The Complete Guide to Cold Brew Coffee
Making cold brew is great for a few reasons! In particular, it’s a wonderfully cool and refreshing drink on a hot summer's day, but it's also handy to brew in bulk batches in advance and keep in the fridge to drink over a few days, or to share with friends or family in the garden. Find out more about brewing cold coffee:
- What is cold brew coffee?
- What is the difference between cold brew and iced coffee?
- How is cold brew coffee prepared?
- What you’ll need to get brewing
- How to make cold brew coffee:
- Cold brew coffee FAQs:
What is cold brew coffee?
Cold brew coffee is a type of brewing method that involves steeping coffee grounds in water for an extended period of time, usually between 12 - 34 hours. This type of brewing differs from other methods we’ve spoken about in the past, as the ground coffee beans never come into contact with hot water. This difference in extraction results in a unique flavour profile and taste.
What is the difference between cold brew and iced coffee?
Lots of people mistakenly believe that cold brew is the same as iced coffee, but this is not the case. While both of these chilled drinks are wonderfully refreshing, they each boast their own unique characteristics.
The main difference between cold brew and iced coffee is the way that they’re made:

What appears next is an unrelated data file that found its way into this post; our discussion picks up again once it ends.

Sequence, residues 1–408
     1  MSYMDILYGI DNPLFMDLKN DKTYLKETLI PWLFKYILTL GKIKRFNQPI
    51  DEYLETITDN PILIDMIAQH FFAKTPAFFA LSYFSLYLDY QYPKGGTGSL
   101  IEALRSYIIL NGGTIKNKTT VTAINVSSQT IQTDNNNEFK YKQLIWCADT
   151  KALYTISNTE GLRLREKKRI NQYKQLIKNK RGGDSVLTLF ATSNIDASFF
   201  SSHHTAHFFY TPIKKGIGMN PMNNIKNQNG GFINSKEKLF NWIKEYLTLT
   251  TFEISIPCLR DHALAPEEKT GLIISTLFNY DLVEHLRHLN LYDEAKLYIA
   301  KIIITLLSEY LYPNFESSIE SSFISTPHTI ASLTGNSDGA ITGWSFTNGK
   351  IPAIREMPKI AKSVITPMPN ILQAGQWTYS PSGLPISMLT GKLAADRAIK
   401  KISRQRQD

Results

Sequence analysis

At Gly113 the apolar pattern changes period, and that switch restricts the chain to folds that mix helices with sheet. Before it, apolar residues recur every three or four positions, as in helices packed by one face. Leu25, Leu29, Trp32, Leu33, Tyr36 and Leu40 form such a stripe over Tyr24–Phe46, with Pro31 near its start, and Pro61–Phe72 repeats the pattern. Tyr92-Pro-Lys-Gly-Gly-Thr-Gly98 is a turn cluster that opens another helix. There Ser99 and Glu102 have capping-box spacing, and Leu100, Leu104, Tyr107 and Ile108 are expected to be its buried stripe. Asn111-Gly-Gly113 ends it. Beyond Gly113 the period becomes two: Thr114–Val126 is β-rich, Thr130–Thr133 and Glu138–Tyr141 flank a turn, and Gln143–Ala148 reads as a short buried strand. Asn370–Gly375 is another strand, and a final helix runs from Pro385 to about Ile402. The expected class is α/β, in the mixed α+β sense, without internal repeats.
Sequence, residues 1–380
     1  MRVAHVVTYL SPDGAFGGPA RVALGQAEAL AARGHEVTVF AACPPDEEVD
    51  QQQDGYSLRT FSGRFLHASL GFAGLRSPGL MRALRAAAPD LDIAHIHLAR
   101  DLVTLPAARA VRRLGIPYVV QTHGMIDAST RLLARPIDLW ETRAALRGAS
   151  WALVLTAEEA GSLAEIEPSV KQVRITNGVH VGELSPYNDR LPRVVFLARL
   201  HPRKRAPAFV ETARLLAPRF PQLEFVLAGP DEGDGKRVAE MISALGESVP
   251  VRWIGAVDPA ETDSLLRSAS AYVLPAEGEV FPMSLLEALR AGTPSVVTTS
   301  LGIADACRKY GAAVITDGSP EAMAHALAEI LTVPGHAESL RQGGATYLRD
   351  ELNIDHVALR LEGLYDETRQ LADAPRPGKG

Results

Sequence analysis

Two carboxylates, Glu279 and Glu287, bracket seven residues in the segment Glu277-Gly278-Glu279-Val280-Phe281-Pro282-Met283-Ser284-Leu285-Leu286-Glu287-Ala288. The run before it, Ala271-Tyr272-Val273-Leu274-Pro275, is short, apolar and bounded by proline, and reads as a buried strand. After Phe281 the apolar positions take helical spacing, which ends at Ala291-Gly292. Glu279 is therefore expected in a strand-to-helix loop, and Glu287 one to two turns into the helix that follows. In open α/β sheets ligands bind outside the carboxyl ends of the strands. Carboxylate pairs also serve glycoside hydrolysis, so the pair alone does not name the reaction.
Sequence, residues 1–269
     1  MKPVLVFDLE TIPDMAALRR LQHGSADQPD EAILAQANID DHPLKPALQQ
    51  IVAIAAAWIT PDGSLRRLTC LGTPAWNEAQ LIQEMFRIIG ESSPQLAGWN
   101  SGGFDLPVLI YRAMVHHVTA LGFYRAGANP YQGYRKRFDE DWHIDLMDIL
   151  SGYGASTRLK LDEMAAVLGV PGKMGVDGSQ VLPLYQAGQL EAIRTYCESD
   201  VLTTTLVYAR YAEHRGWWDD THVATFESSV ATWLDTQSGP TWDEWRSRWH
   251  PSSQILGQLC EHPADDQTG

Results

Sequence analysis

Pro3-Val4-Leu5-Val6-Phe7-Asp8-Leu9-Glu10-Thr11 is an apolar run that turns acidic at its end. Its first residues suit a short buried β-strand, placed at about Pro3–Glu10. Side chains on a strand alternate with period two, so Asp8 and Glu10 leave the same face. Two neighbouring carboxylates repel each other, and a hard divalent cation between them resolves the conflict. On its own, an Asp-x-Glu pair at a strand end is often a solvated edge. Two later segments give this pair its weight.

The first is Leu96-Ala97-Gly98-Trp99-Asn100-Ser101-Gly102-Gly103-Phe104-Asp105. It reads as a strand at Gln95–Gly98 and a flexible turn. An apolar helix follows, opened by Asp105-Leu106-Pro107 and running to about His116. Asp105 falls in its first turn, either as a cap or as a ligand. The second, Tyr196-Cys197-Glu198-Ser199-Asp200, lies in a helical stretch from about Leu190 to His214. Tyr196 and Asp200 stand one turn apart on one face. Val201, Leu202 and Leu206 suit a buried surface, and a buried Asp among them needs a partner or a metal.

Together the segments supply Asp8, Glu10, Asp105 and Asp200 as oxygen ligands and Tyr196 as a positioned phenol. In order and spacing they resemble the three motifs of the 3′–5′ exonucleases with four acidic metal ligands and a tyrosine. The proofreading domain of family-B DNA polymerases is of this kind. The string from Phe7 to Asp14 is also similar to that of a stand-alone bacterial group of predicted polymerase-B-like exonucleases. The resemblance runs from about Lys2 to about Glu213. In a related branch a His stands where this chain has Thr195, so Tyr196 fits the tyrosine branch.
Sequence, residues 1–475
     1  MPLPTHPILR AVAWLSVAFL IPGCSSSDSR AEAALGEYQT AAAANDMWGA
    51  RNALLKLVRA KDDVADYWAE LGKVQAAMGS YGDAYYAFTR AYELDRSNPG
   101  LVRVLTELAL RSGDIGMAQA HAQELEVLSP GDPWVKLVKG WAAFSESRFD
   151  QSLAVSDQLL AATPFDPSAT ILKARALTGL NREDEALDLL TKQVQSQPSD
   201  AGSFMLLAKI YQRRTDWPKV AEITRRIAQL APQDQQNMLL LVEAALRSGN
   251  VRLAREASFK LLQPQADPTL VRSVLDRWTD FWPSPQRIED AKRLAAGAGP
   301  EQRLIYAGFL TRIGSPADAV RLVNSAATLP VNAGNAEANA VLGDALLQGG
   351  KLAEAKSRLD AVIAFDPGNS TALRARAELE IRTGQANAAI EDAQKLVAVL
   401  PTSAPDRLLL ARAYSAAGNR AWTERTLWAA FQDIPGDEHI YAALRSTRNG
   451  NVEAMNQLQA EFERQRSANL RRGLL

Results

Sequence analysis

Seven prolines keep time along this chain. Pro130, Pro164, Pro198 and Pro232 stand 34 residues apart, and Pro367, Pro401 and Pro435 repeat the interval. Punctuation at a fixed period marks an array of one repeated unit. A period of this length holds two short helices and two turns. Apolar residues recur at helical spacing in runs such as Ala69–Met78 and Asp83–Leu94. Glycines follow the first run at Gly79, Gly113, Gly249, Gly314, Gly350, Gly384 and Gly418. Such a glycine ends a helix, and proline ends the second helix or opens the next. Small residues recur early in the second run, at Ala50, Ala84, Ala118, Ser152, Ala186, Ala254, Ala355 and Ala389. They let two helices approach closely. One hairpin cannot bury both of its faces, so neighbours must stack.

- Iced coffee refers to coffee that has been brewed traditionally and then cooled down by being poured over ice.
- Cold brew, on the other hand, has a longer brewing process which tends to result in a smoother brew. The extended, colder extraction also helps to highlight the sweetness of the coffee.
Why is cold coffee so popular?
There are so many reasons why people love cold coffee! Cold brew continues to grow year on year, with the cold brew coffee market predicted to increase by a huge $1.37 billion from 2020 to 2025. The pros of brewing cold coffee include:
- Smooth flavour with less bitterness and acidity
- Versatile brew that mixes well with citrus and fruity flavours
- Brew in bulk and store in the fridge for days to come
- Perfect for warmer spring and summer days
- Easy to brew, even without specific coffee brewing equipment
How is cold brew coffee prepared?
To prepare cold brew coffee, you are going to soak the coffee grounds in water for several hours, usually a period of 12 - 24 hours. This preparation time is important because in the absence of heat, the water requires a longer time to extract the caffeine and flavours.
What you'll need to get brewing:
- V60 and filter papers or,
- Cheesecloth / muslin cloth and a sieve
- Odd Kin’s speciality coffee
- Scales / measuring scoop
- Room temperature water
How to make cold brew coffee:
Here at Odd Kin, we use a super simple method to produce a litre of cold brew at a time - this is the recipe we’re going to share with you today.
This method of cold brewing tends to round off the acidic or bitter edges of the coffee, leaving a super smooth drink that really brings out any citrus or fruity flavours inherent in the coffee. But, to really draw out the flavour try our iced filter recipe coming soon.